Hot Docs Preview: Interview with Liz Marshall - Director of The Ghost in Our Machine

Interviews
by Melissa Silverstein
April 25, 2013 1:45 PM
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"The Ghost in Our Machine"

The Ghosts in Our Machine is an extremely upsetting yet moving film about how we treat animals.  It tells the story of Jo-Ann McArthur, a photographer, who has dedicated her life to showing the disturbing treatment of animals.  After watching the film, there is no way you will look or thinks about animals the same way again.

Women and Hollywood: Talk a little about the title. Where did it come from?

Liz Marshall: The title was inspired during the fall of 2010, through a talk by Canadian novelist Graeme Gibson. He eloquently spoke about the human condition, and our aggressive infringement on the natural world. Within this context he referred to nature as the ghost in the machine. This sparked a great aha moment for me - I was seeking a title, one that could embody the conceptual idea I was already developing. I then madly looked into the origins of "The Ghost in the Machine," and if you do a Google search you will see that this title has been broadly used, within every possible genre. In fact, it is has become a common phrase. I ran it by my development team, my lawyer, tossed and turned, and then locked into a variation on the phrase, one that is reflexive: THE GHOSTS IN OUR MACHINE. The 'our' in the title is meaningful. The machine is not an abstract notion. We are the machine, and the ghosts are the billions of animals used annually, worldwide, for our consumer goods.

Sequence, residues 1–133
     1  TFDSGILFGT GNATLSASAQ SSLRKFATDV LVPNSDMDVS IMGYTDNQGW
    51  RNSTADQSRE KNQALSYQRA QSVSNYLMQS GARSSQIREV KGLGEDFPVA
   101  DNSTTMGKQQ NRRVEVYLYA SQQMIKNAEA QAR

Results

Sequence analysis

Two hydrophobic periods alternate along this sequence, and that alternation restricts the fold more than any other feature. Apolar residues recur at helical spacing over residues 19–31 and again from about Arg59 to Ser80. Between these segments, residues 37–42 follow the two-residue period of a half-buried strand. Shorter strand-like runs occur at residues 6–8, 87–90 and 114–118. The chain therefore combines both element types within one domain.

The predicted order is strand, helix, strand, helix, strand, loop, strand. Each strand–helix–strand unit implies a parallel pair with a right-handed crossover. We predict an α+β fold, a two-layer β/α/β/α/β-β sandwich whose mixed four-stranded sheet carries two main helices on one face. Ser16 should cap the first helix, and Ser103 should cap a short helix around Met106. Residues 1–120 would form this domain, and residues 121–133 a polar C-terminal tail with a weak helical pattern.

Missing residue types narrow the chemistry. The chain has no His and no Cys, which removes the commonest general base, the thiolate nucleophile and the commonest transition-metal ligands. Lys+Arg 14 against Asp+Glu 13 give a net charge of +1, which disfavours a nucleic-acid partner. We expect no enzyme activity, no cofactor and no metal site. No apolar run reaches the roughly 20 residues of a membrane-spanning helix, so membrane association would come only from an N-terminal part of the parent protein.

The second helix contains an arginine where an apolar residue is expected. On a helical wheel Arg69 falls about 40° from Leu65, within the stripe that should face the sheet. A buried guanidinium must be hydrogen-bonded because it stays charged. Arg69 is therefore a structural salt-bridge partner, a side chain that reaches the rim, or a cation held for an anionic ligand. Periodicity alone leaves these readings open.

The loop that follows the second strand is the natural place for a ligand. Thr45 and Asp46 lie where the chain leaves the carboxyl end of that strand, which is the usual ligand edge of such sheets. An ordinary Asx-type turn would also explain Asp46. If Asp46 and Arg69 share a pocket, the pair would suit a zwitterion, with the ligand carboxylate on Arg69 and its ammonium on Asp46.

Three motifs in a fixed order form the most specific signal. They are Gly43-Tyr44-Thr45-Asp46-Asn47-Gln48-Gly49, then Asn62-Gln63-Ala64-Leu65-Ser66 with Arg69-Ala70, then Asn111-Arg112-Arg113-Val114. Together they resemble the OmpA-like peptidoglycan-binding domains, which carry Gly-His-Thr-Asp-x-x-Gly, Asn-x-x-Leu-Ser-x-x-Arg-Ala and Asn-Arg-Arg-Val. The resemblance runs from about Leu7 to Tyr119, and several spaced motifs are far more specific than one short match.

WaH: How did you meet Jo-Anne?